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A Long and Winding Road

Every little bit helps. We can keep an entire household off the streets by making a few rent payments. We can keep another household warm in winter by paying their utility bills. Even a single, emergency meal keeps a child active and engaged at home and school that day. That’s why we cherish your donations, no matter the size.

But sometimes households have complex problems, and staff need to work long and hard to make a deep and lasting difference. Our Healthy Family home visiting program takes the long view when working with families. We offer services supporting families with newborns that can last until the child is three years old. A family support specialist meets weekly with families, offering advice and support to enhance child health and development, child safety, mom’s self-care, and family well-being.

Charles and Becky Meyers recently needed significant support from our program to get their lives back on track. Their twins Hallie and Zach were born prematurely, and had to receive intensive care in Portland for several months. Hallie had serious heart defects, and eventually needed open-heart surgery. Thankfully she recovered. In those initial months, the support specialist worked with the Meyers, helping them seek SNAP, TANF and SSI supports while connecting them with mental health, early intervention and many other services.

Tragically, when the Meyers were making arrangements to come back home to Douglas County, the friend they were living with committed suicide. The Meyers were now homeless. We were able to connect the Meyers to our Housing Stabilization Services program, where they obtained a voucher to live in a motel. While the voucher helped, the Meyers had to move nine times using the voucher to stay off of the streets.

But during this time, with the help and support of many, they took giant steps forward. They reconnected with Becky’s family. Charles was able to get a full-time job. Both children were released from health restrictions. Now, they are finally moving into their own new home, a two-bedroom duplex. Throughout, our staff not only provided a wealth of support and services, they were a constant source of care and comfort. We are so happy to see the Meyers moving on with their lives.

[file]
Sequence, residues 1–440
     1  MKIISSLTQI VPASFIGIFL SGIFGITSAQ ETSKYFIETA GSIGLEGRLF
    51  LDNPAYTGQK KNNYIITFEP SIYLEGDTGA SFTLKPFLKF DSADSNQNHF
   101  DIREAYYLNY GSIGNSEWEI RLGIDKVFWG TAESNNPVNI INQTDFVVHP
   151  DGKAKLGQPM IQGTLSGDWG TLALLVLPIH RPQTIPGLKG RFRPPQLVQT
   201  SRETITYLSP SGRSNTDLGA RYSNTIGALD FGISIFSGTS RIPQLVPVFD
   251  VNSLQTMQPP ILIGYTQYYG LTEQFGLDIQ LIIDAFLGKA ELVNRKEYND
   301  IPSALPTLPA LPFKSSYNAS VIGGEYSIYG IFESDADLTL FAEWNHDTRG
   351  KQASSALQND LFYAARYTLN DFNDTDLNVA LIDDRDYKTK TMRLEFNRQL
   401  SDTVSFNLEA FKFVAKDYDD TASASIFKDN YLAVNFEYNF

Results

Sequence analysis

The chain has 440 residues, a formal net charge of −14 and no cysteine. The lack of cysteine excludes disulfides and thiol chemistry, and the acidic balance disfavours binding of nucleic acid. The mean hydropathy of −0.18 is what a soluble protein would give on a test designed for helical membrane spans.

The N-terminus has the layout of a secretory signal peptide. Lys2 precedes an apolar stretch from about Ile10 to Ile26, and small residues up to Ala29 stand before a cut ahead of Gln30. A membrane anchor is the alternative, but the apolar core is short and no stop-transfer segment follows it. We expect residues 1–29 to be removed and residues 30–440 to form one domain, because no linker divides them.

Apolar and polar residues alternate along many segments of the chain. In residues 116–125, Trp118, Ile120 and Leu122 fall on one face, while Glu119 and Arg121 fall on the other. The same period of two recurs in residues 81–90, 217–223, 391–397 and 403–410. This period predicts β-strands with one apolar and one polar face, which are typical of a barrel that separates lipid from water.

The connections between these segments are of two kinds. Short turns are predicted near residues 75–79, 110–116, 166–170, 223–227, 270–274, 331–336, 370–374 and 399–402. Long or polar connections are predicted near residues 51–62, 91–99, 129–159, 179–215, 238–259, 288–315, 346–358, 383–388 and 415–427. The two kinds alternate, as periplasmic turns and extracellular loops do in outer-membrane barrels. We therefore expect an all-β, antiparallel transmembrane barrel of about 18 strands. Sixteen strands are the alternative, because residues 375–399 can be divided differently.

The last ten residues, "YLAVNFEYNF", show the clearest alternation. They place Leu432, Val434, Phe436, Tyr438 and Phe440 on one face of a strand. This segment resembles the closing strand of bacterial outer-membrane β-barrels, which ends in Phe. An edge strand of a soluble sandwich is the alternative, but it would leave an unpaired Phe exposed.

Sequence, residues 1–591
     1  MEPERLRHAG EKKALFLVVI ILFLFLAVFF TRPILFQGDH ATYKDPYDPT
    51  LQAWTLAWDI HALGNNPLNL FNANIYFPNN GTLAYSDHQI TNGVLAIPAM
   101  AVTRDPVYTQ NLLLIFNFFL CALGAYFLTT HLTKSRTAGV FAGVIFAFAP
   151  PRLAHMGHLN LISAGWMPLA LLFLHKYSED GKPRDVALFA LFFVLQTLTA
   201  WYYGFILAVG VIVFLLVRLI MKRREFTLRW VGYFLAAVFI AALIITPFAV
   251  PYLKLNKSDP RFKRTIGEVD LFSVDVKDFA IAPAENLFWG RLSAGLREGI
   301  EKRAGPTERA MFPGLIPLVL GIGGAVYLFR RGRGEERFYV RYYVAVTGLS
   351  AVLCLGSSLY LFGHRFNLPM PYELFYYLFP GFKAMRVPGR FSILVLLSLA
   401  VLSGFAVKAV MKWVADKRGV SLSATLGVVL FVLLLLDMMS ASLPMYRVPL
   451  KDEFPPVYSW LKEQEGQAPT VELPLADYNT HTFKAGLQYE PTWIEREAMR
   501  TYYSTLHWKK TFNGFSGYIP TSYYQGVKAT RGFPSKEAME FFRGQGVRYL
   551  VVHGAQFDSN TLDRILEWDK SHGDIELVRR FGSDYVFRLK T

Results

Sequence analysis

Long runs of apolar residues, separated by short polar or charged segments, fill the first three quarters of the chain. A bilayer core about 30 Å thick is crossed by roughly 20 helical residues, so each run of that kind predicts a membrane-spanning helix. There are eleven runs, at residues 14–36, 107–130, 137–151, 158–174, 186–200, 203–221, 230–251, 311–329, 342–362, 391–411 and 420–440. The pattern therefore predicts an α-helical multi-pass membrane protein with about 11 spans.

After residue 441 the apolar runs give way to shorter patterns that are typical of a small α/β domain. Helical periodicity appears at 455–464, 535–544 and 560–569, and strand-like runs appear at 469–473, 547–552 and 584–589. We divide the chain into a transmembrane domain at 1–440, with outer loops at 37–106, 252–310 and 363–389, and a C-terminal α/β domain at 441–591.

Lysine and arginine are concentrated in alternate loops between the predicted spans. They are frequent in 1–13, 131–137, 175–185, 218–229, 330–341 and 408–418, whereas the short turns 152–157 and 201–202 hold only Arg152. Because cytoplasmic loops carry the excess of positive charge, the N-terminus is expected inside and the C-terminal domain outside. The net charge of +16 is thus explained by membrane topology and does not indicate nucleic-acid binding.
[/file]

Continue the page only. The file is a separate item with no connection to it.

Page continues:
Newsletters

Shaun Pritchard
Newsletters

Letter from the Executive Director – Winter 2023

UCAN is known locally as an agency that addresses poverty, providing an array of services so local folks live self-sufficient lives. But our work goes well beyond addressing poverty. We play a major role in supporting the health and well-being of our residents. To find out how we improve health, click here.

Volunteers Needed for Roseburg and Grants Pass Warming Centers
Newsletters

Volunteers Needed for Roseburg and Grants Pass Warming Centers

If you have some availability this winter, you could make a huge difference in your community by volunteering at a UCAN warming center. Not only will you provide comfort to our homeless neighbors, you will reduce the burden otherwise faced by local emergency rooms. UCAN will be supporting center operations, but without volunteers, we won’t be able to operate them. Click here to learn more about the vital role you can play in your community.

The Point-In-Time Count: A Day of Caring for Our Homeless
Newsletters

The Point-In-Time Count: A Day of Caring for Our Homeless

On January 24, 2024, UCAN will host events in both Douglas and Josephine County for local homeless residents. Those attending will have opportunities to meet with many agencies, obtain services, and receive much needed supplies. Learn more about the events here.